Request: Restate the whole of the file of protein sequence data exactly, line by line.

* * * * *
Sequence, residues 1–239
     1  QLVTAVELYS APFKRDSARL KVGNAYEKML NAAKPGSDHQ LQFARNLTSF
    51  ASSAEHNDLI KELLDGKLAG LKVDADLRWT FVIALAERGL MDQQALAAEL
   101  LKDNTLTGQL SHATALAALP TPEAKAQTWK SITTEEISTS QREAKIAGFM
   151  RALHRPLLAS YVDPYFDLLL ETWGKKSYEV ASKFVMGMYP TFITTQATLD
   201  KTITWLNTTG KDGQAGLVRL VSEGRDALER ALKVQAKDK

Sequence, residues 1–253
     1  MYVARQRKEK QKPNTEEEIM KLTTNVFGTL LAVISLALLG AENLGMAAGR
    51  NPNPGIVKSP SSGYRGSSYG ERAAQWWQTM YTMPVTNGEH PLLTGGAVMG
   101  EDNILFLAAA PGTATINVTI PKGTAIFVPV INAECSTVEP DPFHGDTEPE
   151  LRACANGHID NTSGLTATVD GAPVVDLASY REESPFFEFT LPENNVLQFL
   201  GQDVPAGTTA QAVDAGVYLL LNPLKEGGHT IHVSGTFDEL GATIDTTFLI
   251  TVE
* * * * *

Sequence, residues 1–239
     1  QLVTAVELYS APFKRDSARL KVGNAYEKML NAAKPGSDHQ LQFARNLTSF
    51  ASSAEHNDLI KELLDGKLAG LKVDADLRWT FVIALAERGL MDQQALAAEL
   101  LKDNTLTGQL SHATALAALP TPEAKAQTWK SITTEEISTS QREAKIAGFM
   151  RALHRPLLAS YVDPYFDLLL ETWGKKSYEV ASKFVMGMYP TFITTQATLD
   201  KTITWLNTTG KDGQAGLVRL VSEGRDALER ALKVQAKDK

Sequence, residues 1–253
     1  MYVARQRKEK QKPNTEEEIM KLTTNVFGTL LAVISLALLG AENLGMAAGR
    51  NPNPGIVKSP SSGYRGSSYG ERAAQWWQTM YTMPVTNGEH PLLTGGAVMG
   101  EDNILFLAAA PGTATINVTI PKGTAIFVPV INAECSTVEP DPFHGDTEPE
   151  LRACANGHID NTSGLTATVD GAPVVDLASY REESPFFEFT LPENNVLQFL
   201  GQDVPAGTTA QAVDAGVYLL LNPLKEGGHT IHVSGTFDEL GATIDTTFLI
   251  TVE